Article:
La Roux reveals the heartbreaking reason why she hid her sexuality early in her career

Elly Jackson of La Roux

La Roux has said she avoided going public with her girlfriend earlier in her career because she was paranoid about the impact on her music.

Speaking to The Independent this week, the “Bulletproof” singer revealed why she chose not to publicly speak about having a girlfriend early in her career.

Asked about her sexuality in a 2009 interview, she had said: “Everyone just thinks I’m a raging lesbian and I want to see everyone’s boobs. Sorry, I’m not.”

The singer also gave interviews denying that she “swings both ways” – rejecting the labels of gay, bisexual and straight.

La Roux: ‘I was paranoid my show would just be full of gay women.’

Reflecting on the omissions, she told The Independent: “I was 21, and I was like, ‘I’ve only just realised I’m in love with my best mate, can you f***ing chill out? Can you leave me alone?’ I wasn’t ready to be on a pedestal of like, ‘I represent all gay people.’ I just wasn’t ready to say that.”

The singer, real name Elly Jackson, told the outlet that coming out had affected the careers of other musicians who spoke publicly about their sexuality.

She said: “I was really overly paranoid that my whole show would just be full of gay women, and that it would just become a gay scene thing.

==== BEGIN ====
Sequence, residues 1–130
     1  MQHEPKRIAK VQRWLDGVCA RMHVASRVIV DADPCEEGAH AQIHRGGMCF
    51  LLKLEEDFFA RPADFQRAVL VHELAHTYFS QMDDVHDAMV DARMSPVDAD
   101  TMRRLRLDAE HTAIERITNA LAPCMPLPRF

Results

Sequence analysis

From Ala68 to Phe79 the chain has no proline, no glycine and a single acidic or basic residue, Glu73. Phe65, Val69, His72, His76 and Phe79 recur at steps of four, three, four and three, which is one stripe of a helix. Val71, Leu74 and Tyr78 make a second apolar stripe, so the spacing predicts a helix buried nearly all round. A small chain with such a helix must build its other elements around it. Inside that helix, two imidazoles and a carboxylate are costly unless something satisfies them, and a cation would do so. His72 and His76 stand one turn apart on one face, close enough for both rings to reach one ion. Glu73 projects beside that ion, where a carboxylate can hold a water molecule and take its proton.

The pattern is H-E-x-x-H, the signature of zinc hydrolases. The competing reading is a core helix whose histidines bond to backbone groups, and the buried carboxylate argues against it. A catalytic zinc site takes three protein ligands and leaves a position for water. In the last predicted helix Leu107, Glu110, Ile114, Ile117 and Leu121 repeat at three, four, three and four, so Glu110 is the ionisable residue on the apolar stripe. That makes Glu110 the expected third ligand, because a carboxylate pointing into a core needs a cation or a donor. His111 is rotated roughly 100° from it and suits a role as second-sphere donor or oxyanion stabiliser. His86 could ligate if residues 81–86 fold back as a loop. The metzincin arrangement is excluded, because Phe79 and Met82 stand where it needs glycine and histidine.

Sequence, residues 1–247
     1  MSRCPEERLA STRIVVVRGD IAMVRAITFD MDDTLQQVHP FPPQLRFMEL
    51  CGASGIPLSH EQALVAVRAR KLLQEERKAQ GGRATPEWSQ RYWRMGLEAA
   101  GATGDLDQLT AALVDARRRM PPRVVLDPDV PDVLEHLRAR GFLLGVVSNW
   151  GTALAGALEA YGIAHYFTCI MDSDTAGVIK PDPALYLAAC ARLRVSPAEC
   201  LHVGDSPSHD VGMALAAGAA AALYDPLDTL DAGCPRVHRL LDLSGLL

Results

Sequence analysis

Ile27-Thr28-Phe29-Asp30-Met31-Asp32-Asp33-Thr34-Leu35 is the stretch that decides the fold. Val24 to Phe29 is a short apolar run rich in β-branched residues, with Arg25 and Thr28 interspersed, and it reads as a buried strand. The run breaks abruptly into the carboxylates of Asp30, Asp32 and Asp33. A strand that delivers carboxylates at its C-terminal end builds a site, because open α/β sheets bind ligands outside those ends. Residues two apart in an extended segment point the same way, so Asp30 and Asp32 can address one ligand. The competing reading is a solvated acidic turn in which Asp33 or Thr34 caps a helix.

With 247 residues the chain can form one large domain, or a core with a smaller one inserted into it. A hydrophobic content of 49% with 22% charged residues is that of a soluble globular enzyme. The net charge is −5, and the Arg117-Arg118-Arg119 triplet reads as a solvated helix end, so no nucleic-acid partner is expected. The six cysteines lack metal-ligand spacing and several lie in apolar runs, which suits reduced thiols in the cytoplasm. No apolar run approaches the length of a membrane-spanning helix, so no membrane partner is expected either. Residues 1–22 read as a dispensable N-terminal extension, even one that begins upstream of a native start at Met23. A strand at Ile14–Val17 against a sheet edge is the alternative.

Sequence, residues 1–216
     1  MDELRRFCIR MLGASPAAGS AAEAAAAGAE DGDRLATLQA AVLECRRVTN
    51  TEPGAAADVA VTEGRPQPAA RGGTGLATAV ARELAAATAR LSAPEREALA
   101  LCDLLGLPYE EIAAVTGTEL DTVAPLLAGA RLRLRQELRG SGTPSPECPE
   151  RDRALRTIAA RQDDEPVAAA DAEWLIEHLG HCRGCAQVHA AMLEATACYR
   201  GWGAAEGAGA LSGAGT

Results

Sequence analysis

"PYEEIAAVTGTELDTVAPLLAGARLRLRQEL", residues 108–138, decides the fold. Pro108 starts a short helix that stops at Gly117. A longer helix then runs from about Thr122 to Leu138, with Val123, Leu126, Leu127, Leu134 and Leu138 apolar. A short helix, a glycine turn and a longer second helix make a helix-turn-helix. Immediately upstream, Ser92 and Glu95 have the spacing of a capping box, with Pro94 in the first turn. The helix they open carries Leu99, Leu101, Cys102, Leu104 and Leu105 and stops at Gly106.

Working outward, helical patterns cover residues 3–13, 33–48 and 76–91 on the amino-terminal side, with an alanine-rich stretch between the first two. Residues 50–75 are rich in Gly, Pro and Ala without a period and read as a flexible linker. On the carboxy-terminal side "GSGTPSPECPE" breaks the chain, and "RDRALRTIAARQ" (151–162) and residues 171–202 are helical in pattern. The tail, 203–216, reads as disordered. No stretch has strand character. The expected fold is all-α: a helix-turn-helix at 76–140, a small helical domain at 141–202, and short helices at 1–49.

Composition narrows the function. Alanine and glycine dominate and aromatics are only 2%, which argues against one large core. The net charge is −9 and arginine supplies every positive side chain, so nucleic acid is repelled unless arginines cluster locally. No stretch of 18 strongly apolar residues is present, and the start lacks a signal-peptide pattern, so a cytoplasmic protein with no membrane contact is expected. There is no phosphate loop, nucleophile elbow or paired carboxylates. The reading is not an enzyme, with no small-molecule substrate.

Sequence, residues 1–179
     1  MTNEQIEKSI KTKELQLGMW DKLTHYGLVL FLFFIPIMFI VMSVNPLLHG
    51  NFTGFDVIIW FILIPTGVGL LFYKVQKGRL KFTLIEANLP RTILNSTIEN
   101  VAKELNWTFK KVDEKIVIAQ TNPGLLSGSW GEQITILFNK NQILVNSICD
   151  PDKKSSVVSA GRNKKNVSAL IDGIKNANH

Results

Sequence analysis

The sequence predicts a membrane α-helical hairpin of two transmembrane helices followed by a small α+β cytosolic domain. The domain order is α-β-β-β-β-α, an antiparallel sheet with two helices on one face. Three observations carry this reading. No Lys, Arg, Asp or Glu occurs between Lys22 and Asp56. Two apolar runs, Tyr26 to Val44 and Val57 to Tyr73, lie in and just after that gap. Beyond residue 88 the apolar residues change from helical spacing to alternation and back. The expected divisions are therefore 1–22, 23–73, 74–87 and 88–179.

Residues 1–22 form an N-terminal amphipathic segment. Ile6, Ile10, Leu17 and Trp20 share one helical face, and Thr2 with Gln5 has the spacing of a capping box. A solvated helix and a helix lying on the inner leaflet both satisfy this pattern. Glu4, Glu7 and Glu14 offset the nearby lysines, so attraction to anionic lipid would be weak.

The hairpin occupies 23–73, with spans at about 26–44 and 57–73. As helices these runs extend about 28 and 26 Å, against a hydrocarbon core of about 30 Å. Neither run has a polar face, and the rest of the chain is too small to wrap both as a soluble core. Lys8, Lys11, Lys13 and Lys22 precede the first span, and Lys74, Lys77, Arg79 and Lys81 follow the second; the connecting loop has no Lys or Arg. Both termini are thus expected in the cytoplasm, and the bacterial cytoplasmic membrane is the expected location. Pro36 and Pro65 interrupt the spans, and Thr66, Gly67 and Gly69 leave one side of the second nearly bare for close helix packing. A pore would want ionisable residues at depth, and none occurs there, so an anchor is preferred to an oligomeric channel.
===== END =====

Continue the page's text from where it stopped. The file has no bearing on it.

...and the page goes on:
“I don’t mind if there’s 50 per cent this, 50 per cent that, but I just didn’t want it to be lent totally straight and I didn’t want it to be lent totally gay.

“I think that’s what drove me to not talk about this stuff for a long time.”

Singer Elly Jackson of La Roux performs live on stage during Melt! Festival in 2015

Singer Elly Jackson of La Roux performs live on stage during Melt! Festival in 2015 (Photo by Stefan Hoederath/Redferns)

She added: “Obviously now I’ve realised, ‘God you were a bit weird about it. You definitely were a bit weird about it. It’s not a f**king big deal.’

“And maybe it’s easier to talk about now because it is 10 years later. You can’t take that for granted. ‘Why do I feel so much more comfortable talking about this now?’

“Well, you’ve been through s**t loads and everything’s moved on in a really big way.”

Singer still doesn’t like labels.

Although she is now more open about her sexuality, the singer still has some beef with parts of the gay community.

She said:”I swear to God, labelling yourself creates segregation. It drives me mad. The gay community are dying for you to label yourself, and I’m so confused as to how they think that’s helpful.

“It’s where I’ll always have friction with some part of the gay community, even though I’m a f**king gay person. How does that make any sense?”

Elsewhere in the interview, the singer said she “couldn’t give a f**k” if people misgender her.

She said: “I’ve been misgendered. I don’t care. I got called sir three days ago by a delivery guy. And then they look at me for more than two and a half seconds and they’re like, ‘Oh, sorry, I thought it was a bloke then.’

“I’m like, ‘It’s fine, I didn’t cut my hair and dress like this so everyone could think I was Gwyneth Paltrow.’ I am making some choices here. I take responsibility for it.”